The contents are familiar to all who have studied the Saint’ s life. He tells how he had been left a legacy by a kindly widow of Toulouse and that this legacy included a debt of three or four hun­dred crowns (écus) owed to her by “un méchant mauvais”. Vincent went to Toulouse but found that his man had fled to Marseille. He went to Marseille, jailed his quarry, and settled the debt for 300 écus. A gentlemen with whom he had been lodging persuaded him to return to Toulouse by taking a boat from Marseille to Narbonne. Vincent did so but the chip was captured by Barbary pirates who enslaved the passengers. Vincent himself claimed to have been wounded in the fighting. He recounted how they were sold in Tunis and how his first master, a fisherman, had to get rid of him “pour n’avoir rien de si contraire que la mer”. He was then sold to an alchemist who taught him some tricks of the trade. The alchemist died after being summoned to Constantinople and Vincent passed to tne old man’ s nephew who sold him when he heard that the French am­bassador, Savary de Breves, was coming to Tunis to ransom Chris­tian captives.

His final owner was a Christian renegade from “Nici” (Nice or An­necy) in Savoy whose Turkish wife befriended Saint Vincent. It was through her instrumentality that the renegade decided to return to his religion and flee to Europe. The two escaped in July 1607 and after a journey across the Mediterranean in a small skiff, they arriv­ed at Aigues-Mortes on the 28th of that month. The renegade was received back into the Church by the papal legate, Pietro Montoro (or Montorio) and then entered the Fate Ben Fratelli. Vincent joined the legate’ s household and accompanied him to Rome, where he con­tinued his studies and made strenuous efforts to gain himself a good benefice.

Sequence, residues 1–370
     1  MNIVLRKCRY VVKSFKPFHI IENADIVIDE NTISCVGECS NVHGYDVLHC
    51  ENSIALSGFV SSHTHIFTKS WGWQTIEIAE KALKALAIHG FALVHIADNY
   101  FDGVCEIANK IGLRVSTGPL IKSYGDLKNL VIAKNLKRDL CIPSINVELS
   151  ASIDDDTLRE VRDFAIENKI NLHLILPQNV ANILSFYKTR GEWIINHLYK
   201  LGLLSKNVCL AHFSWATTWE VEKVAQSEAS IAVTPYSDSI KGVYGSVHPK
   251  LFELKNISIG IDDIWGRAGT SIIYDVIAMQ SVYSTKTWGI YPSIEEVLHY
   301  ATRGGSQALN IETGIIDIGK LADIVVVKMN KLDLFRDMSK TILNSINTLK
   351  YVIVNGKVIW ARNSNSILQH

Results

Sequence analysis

Some time in 1608 or 1609 Vincent went to Paris, which was to be the scene of his life’ s work. There is no evidence that he stopped at Dax or Pouy, despite his Glose to both places. The younger Comet died in 1609 and another connection with his native province was severed. His last visit was in 1622 when he went south to give a mission to the galley slaves. For the rest of his days Paris was his city.